Freelance jobs are being embraced by Gen Z
|Richard Harris in Programming Thursday, August 30, 2018|
Freelance jobs by choice is more favored by Gen Z than any other generations says Upwork in their latest research paper named Freelancing in America: 2017.
Upwork released new data from Gen Z respondents to Freelancing in America: 2017, a comprehensive measure of the U.S. independent workforce, conducted by independent research firm Edelman Intelligence and commissioned in partnership by Upwork and Freelancers Union.
Findings show that Gen Z - the youngest segment of the adult workforce (people born between 1997-2000), is the most freelancing-inclined generation yet. Gen Z is foregoing traditional, corporate roles and freelancing by choice more than any other generation: nearly half (46%) of adult working Gen Zers freelanced last year. In addition, this generation is more likely than any other to choose freelancing proactively, with 73 percent saying they originally started by choice rather than necessity (versus 66% of Baby Boomers and 62% of Millennials).
Freelance jobs according to Upwork
“As Gen Z enters the workforce, they’re increasingly choosing non-traditional ways of working that are better suited to their desired lifestyle than a traditional 9-to-5 job is,” said Stephane Kasriel, Upwork CEO. “More than any other generation, members of Gen Z are seeking work they’re passionate about that also affords them freedom and flexibility. It’s important that companies adjust their hiring strategies in order to work with the best young talent, which accounts for more people than Gen X and Baby Boomers and will be the majority of the workforce in the next five years.”
Austin Traschel, a 22-year old videographer from Wilmore, Kentucky, started freelancing while earning a B.A. in Media Communications from Asbury University and decided to freelance full-time upon graduating instead of getting a corporate job. “Freelancing has not only allowed me to pursue my passion of bringing stories to life through video but also afforded me the luxury of doing so from anywhere in the world that I can take my camera and computer,” said Traschel. “When I graduated from college, continuing to build my freelance business instead of getting a traditional 9-to-5 was an easy decision because I’d already established relationships with clients around the world doing work that I love.”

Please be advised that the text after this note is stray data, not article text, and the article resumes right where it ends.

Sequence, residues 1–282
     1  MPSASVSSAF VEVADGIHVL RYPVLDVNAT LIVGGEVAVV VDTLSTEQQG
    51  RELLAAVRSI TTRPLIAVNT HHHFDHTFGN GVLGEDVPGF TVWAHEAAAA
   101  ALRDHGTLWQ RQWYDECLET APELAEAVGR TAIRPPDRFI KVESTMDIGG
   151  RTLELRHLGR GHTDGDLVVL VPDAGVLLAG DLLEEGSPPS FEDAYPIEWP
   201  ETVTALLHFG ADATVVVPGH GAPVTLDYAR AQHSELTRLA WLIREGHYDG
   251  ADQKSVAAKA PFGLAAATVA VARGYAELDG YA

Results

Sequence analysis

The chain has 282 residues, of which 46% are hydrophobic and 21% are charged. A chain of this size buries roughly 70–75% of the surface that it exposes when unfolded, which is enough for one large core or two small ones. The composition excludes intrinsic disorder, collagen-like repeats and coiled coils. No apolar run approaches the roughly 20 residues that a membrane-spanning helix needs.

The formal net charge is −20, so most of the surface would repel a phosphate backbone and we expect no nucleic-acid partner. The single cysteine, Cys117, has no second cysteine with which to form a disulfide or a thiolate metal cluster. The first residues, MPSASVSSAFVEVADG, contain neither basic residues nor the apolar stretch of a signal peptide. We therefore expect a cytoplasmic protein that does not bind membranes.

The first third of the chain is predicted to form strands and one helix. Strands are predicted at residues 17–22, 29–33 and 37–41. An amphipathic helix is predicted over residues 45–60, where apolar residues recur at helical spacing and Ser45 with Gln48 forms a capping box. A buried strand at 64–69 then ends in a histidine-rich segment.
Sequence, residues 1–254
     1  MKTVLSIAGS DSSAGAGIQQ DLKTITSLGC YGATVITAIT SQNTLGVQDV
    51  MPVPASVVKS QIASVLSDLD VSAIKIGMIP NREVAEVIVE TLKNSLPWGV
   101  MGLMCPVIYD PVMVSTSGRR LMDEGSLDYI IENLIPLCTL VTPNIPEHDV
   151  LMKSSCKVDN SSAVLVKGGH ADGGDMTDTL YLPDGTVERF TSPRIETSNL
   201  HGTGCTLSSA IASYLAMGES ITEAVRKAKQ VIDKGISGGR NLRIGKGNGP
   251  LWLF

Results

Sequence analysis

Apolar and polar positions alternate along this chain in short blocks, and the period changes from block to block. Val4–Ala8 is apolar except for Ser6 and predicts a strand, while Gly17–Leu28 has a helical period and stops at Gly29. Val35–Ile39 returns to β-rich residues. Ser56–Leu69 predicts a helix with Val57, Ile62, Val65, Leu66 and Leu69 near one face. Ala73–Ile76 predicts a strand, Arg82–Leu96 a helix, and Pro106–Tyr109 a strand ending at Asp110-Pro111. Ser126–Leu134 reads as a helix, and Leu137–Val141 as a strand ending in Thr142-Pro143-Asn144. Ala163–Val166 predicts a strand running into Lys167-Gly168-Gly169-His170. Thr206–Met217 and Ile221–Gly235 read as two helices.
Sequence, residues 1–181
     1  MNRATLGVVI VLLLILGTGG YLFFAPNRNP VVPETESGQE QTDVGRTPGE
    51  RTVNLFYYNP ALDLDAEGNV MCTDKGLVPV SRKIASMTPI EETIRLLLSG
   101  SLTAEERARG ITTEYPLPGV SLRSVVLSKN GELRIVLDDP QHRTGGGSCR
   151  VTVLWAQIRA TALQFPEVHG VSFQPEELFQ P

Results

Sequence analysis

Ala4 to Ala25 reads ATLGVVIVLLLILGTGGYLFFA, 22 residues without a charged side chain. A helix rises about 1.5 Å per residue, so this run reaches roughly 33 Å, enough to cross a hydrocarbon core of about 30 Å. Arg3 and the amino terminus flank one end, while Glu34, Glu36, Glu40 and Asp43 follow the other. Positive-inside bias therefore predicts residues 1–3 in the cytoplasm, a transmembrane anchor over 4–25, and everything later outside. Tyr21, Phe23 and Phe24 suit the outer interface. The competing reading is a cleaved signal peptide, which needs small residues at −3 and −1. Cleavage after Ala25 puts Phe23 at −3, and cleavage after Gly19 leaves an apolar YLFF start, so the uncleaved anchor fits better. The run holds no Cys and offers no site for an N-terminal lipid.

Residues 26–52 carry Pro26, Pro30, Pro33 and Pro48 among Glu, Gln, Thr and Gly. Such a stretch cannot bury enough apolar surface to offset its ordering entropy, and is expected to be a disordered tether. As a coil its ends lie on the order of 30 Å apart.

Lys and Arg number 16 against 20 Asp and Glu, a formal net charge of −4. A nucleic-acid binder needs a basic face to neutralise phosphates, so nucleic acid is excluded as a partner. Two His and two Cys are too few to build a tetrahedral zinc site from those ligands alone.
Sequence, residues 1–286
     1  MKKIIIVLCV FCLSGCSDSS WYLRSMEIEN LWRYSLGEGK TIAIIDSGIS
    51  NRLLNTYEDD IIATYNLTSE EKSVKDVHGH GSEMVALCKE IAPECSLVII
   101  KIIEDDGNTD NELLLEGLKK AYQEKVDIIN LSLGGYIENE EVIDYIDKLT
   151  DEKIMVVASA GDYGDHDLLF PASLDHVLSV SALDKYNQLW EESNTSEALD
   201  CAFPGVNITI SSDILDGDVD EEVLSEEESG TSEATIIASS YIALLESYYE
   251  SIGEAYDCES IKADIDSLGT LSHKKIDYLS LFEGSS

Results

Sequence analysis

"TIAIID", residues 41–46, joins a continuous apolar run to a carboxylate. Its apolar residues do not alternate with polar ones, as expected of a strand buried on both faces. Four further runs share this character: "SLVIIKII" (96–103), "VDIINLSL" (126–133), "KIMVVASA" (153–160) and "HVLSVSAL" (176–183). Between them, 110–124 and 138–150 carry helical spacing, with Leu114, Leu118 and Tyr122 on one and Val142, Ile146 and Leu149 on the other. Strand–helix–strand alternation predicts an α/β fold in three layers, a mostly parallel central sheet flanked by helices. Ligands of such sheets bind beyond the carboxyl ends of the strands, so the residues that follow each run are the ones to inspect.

Key takeaways from the Freelancing in America: 2017 Gen Z data include:
- Nearly half of Gen Z is freelancing: Nearly half (46%) of Gen Z freelanced in the 12 months prior to the survey.
- Gen Z is freelancing more by choice: More than any other generation before them, 73 percent of Gen Z-ers said they started freelancing by choice rather than out of necessity (v. 66% of Baby Boomers and 64% of Millennials who started by choice).
- “The Net Generation” thinks tech-first to gain location flexibility: Gen Z, who are digital natives, believe technology makes it easier to find freelance work (74% agreed). In addition, tech is enabling them to work where they want; whether it's in a co-working space, coffee shop or open-office, 41 percent of working Gen Zers said they work in a setting around other people - almost as many (39 percent) who said they work on-the-go.
- Gen Z is among the least concerned about automation’s impact: Gen Z and Baby Boomers are least concerned about the impact of automation, with less than one-third (31%) and 23%, respectively, saying it will impact their livelihood. This is in contrast to Millennials, who are most concerned at 44% saying automation will impact them.
- Young professionals are more prepared for the future of work: Gen Z freelancers are proactively preparing more than any other generation with 58% having participated in skills-related education in the past six months versus 56% of Millennials; 35% of Gen X; and 19% of Baby Boomers. As technology rapidly evolves, this younger demographic is keeping up with the need for increasingly specialized skills. Finding the best freelance jobs is important.
Are you paying more taxes than you have to as a developer or freelancer? The IRS is certainly not going to tell you about a deduction you failed to take, and your accountant is not likely to take the time to ask you about every deduction you’re entitled to. As former IRS Commissioner Mark Everson admitted, “If you don’t claim it, you don’t get it.
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